Pioneering Hairdresser in Suto Orizari Shows Potential for Roma Businesses

With true entrepreneurial spirit, strong motivation and a bold dream for her future, Fejme Agush, a young 31-year-old Roma woman from Skopje, has become the owner of the first officially registered hairdressing salon in Suto Orizari, the largest Roma settlement in the country.

As she busily clears up the salon after another hard day’s work, helped out by her husband and four children, Fejme explains “We work non-stop here! All of us—me, my husband and my children—we all see our future in this place. So we plan each move carefully and work hard to make this business a success.”  

The results of her efforts and dedication are clear to see. “Justin” is the best equipped salon in the area, offering everything from simple trimming to highlighting, dying, styling and perming. And after training as a hairdresser in Kumanovo and working for many years on an irregular basis, Fejme has the hard-earned skills and experience to offer her customers any hairstyle they desire.

Highlights

  • Roma jobseekers face many more obstacles to finding employment than the majority of the population: the jobless rate for Roma is estimated to be as high as 75%.
  • With UNDP's support, over 8,000 people have received coaching, training and start-up grants to start their own small businesses in the past eight years.

“It’s taken twelve years to get to this stage,” she says, “though I always dreamt of having my own business. I was already running a salon but the job wasn’t secure because the business wasn’t formalised. To be honest I was frightened to start up my own company because of the risks and all the paperwork.”

Fejme’s big push to gain greater job security and improve the prospects for herself and her children came in 2014 when a friend told her about the Self-Employment Programme. “I felt caught in a trap working in what they call the ‘grey market’, so when I heard there was a programme offering help to make companies official I thought ‘this could be my last chance – it’s now or never!’.”

After making her first enquiry, Fejme was assigned an expert mentor from UNDP’s Mentoring Programme. Sinisa Pekevski helped Fejme with the application procedure and supplied her with information about the business training and support provided through the Programme, as well as about the requirements and the conditions for receiving a special grant to start up her company.

Fejme successfully applied for the course and found herself pleasantly surprised at how quickly she learnt the ropes. “The course was very practical,” she says, “and I realised I’d been doing a lot of management tasks all along without realising it. It boosted my confidence and made it easier to learn the new information about running a formal company.”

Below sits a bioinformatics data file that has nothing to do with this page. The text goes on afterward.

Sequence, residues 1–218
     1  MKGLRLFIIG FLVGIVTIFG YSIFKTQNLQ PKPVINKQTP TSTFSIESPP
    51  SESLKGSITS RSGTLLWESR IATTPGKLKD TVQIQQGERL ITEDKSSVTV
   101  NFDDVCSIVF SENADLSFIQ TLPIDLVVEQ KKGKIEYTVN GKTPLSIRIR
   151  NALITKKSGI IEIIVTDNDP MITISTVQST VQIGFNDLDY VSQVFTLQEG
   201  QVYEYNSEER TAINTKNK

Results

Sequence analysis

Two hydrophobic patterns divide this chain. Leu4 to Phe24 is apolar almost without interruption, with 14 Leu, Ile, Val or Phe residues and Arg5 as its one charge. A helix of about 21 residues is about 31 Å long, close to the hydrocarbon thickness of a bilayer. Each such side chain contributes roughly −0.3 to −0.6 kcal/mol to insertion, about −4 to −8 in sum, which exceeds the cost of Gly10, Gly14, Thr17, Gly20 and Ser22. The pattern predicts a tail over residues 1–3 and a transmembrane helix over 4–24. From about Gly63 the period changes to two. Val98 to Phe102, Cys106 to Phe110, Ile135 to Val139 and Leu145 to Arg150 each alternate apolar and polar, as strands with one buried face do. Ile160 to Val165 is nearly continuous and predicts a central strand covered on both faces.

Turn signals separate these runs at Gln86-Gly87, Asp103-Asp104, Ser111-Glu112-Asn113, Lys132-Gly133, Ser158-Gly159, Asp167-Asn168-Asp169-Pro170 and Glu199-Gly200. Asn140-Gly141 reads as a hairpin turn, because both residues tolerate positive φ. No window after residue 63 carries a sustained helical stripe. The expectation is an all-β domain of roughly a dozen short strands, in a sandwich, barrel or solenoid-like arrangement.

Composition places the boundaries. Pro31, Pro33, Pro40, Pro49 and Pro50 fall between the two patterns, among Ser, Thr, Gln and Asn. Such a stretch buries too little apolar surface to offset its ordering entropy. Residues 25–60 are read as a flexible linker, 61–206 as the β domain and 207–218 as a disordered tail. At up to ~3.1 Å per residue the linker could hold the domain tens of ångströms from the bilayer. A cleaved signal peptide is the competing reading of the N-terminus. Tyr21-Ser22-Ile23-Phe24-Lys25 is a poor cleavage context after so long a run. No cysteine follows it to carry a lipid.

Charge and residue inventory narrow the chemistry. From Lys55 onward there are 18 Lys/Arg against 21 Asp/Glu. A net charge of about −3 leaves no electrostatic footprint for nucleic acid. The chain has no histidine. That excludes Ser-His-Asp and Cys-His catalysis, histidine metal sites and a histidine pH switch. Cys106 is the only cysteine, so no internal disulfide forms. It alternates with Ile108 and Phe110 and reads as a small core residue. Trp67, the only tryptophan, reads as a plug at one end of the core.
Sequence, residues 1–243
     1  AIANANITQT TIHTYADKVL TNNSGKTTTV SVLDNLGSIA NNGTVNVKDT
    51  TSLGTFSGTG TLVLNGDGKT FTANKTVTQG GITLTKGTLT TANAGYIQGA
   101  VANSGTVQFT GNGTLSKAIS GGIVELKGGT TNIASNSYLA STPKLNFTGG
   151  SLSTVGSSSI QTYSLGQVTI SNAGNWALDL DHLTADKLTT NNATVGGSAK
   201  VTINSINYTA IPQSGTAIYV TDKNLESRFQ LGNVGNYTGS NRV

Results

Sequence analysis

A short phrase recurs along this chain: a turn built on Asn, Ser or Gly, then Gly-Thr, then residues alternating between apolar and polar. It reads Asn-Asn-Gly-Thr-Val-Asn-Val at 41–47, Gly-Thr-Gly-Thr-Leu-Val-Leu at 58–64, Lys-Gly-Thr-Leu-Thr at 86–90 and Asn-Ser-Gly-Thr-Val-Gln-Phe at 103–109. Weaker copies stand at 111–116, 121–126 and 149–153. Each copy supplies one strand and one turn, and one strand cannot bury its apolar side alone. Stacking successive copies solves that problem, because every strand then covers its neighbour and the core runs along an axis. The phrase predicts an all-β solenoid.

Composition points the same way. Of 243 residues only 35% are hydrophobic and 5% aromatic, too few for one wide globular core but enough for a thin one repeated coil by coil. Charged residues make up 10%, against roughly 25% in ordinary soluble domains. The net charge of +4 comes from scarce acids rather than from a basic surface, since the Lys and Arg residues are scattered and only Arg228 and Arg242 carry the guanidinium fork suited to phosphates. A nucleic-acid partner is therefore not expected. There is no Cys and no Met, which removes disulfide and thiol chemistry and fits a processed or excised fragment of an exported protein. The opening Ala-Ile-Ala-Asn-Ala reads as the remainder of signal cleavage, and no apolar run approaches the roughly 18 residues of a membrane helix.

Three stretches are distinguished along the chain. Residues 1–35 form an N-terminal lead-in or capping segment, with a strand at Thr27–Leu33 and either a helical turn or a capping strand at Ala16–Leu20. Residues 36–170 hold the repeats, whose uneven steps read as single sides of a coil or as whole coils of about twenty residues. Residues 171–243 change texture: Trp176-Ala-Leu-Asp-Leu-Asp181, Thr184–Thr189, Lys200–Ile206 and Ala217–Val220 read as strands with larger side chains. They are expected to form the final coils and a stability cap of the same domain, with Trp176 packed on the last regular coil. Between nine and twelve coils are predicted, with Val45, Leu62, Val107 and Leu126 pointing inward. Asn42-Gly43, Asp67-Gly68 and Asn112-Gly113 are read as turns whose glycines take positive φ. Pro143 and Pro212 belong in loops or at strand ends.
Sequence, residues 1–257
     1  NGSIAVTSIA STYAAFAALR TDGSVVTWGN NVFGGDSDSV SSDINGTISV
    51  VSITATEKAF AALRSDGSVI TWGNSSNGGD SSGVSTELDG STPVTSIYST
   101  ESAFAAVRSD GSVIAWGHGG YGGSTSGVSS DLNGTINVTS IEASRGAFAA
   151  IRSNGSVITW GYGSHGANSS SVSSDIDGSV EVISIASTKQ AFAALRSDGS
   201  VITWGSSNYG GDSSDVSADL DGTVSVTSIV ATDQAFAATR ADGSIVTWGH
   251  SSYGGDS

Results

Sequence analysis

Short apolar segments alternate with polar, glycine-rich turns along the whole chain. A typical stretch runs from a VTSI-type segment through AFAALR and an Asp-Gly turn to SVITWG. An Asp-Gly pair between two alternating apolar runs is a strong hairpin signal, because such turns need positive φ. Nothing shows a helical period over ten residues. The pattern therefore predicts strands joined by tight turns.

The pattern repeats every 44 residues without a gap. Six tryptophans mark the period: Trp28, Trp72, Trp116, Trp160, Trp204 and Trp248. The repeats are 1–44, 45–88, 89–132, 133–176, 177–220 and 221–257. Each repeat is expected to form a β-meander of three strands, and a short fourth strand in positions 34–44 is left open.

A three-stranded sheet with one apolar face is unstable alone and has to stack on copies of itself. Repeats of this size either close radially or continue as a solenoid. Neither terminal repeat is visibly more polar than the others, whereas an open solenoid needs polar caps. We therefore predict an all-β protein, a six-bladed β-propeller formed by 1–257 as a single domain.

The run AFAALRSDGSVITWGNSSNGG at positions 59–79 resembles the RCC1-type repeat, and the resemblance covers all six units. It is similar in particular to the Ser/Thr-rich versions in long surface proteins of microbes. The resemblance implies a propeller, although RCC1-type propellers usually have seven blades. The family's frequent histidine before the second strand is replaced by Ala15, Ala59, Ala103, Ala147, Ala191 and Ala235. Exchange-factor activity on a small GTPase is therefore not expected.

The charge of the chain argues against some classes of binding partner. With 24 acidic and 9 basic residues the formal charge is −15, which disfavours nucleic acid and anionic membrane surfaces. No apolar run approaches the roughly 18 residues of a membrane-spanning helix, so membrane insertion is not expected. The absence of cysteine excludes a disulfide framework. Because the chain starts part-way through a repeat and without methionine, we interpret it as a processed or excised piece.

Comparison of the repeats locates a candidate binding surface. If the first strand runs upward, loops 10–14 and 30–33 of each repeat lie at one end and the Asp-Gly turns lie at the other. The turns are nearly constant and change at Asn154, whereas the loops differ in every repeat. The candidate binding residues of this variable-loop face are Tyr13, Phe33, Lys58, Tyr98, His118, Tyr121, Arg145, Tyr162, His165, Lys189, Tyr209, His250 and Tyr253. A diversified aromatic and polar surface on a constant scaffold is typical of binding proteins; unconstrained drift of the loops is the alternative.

Having completed the workshop part of the Programme, Fejme went on to apply for the grant to buy new equipment as a foundation to expand her hairdressing business.  She is now one of 8,000 beneficiaries who have so far registered their own business.

Fejme has kept on learning and making the most of all opportunities available to her, becoming a member of the National Craft Chamber and regularly visiting the Employment Service Agency and the Roma Info Centre to learn about new possibilities for support, tips and advice on how to develop her business.

Her oldest son is keen to join the business and continue the family tradition as a hairstylist, adding to the stability of the company. And in order to serve more clients, the family is thinking of getting a bank loan for expanding the workplace in the family house.

She encourages others who work illegally from her community to follow her example and try starting their own company. “We all know it isn’t easy, but good things come to those who work hard and never give up”.  

Roma jobseekers face many more obstacles to finding employment than the majority of the population. To help address these obstacles, UNDP, with generous funding from the Swiss Agency for Development and Cooperation, has implemented a project to provide coaching and mentoring services for Roma jobseekers.

Since 2014, this type of support has proved highly successful in overcoming some of the key obstacles faced by unemployed Roma and other people at risk of social exclusion, helping them to access available employment services and ultimately to enter the labour market.

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